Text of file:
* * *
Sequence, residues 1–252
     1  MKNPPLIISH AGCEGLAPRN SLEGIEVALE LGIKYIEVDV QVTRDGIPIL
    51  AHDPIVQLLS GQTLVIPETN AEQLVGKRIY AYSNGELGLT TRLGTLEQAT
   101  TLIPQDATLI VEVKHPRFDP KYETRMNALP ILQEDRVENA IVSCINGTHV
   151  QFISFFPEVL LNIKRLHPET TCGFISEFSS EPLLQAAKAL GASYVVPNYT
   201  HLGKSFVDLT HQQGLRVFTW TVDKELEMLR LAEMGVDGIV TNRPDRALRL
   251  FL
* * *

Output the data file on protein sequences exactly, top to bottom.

Sequence, residues 1–252
     1  MKNPPLIISH AGCEGLAPRN SLEGIEVALE LGIKYIEVDV QVTRDGIPIL
    51  AHDPIVQLLS GQTLVIPETN AEQLVGKRIY AYSNGELGLT TRLGTLEQAT
   101  TLIPQDATLI VEVKHPRFDP KYETRMNALP ILQEDRVENA IVSCINGTHV
   151  QFISFFPEVL LNIKRLHPET TCGFISEFSS EPLLQAAKAL GASYVVPNYT
   201  HLGKSFVDLT HQQGLRVFTW TVDKELEMLR LAEMGVDGIV TNRPDRALRL
   251  FL